So far in our corvid story, we have met Gwen and Stephen Crowbert; their assorted chicks, including Ginny; Zen; and a raft of rehab birds who have come and gone. But one cast member has not yet made his debut: a blue jay named Snafu.
Snafu is a bird-napping victim. A family picked him up as a fledgling and kept him in their family room for three weeks until the father “accidentally” let him out. Instead of heading off, the bird went over to the neighbors to demand lunch and was duly retrieved. At that point, they contacted me and I persuaded them to bring him to me. I kept him with other jays and then put him in to bunk with Zen to remind him of his corvid heritage. I tried releasing him but, true to form, found him demanding food, shelter, and a college education from our neighbors. He escaped once more but came back on his own about 20 minutes later to order a pizza and play video games.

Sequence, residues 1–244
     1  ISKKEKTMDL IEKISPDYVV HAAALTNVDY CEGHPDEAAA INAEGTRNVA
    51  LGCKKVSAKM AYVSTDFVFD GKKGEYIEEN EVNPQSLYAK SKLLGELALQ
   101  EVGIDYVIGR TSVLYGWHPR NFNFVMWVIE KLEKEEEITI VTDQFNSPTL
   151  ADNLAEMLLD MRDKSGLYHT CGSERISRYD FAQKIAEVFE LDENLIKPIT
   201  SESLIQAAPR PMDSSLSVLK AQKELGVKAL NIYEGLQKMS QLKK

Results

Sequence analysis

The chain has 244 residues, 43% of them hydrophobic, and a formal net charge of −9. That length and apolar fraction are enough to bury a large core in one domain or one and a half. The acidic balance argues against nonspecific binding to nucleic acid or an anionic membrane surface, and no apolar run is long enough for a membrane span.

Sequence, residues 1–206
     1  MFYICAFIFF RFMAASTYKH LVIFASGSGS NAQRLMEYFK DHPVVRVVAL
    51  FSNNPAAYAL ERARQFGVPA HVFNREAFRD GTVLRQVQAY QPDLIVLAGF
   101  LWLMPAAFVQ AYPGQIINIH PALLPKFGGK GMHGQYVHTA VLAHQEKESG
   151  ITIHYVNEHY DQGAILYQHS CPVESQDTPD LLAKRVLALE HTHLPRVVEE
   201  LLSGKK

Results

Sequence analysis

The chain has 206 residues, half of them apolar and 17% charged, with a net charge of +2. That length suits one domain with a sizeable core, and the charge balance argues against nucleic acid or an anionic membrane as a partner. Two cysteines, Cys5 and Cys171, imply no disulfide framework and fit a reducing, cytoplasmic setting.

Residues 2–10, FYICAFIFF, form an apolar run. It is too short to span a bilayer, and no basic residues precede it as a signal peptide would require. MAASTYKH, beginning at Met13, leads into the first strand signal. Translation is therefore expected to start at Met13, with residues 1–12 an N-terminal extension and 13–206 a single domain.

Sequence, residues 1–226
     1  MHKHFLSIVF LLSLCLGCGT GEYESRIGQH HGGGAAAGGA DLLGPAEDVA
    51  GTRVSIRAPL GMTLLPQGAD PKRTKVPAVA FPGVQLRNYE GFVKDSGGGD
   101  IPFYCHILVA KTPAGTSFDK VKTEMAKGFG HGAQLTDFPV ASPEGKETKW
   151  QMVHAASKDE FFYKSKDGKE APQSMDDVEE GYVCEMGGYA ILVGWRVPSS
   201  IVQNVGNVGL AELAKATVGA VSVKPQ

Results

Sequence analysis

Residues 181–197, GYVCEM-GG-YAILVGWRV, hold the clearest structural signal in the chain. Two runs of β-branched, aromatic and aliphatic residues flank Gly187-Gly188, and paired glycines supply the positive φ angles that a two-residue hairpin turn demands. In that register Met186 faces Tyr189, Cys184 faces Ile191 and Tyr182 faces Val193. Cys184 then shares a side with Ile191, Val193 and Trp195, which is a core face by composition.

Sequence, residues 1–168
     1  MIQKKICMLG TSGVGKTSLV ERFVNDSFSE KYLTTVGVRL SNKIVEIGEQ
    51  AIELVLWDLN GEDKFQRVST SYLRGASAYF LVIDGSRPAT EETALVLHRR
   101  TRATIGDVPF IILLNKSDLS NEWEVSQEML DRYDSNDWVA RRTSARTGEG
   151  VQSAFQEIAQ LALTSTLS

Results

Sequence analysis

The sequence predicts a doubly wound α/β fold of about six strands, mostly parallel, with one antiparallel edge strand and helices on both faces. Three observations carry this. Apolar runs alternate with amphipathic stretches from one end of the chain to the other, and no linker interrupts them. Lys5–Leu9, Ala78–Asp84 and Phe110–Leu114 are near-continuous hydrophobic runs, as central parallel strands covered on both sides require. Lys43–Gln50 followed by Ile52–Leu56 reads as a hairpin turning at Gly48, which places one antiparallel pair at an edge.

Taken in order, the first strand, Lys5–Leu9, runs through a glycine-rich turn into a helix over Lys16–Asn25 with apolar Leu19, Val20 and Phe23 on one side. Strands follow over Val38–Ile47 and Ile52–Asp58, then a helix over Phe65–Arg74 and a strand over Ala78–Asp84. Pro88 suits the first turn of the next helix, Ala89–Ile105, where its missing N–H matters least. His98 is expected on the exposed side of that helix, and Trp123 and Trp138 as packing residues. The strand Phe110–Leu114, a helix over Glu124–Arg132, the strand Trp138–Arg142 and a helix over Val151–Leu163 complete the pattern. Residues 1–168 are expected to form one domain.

Birds have an imprint period when they’re chicks during which they decide that they are the same as the other creatures around them. That works well in the wild: chicks in nest see their parents and siblings and conclude that they are birds too. But if a bird gets removed from its parents, it will reevaluate and if it’s raised by humans, it will decide it’s a person. That’s why rehabbers work so hard to house orphaned birds with others of the same species and limit time interacting with the babies because once the imprint period ends, the result is irreversible. In the end, Snafu decided to join Team Human, presumably because we provide room service.
I took Snafu to SuperVet, aka Dr. Constanzo, who confirmed that Snafu was non-releasable. So now he’s Bird #2 on my education permit. Unlike Zen, he is, ah, very food oriented. That is polite trainer talk for “this bird will sell his soul for a peanut.” So after two months of proper diet, Snafu has outgrown his juvenile scruffiness to turn into a gorgeous bird. He also has learned to come for food and eat out of my hand. Next step is teaching him to step up.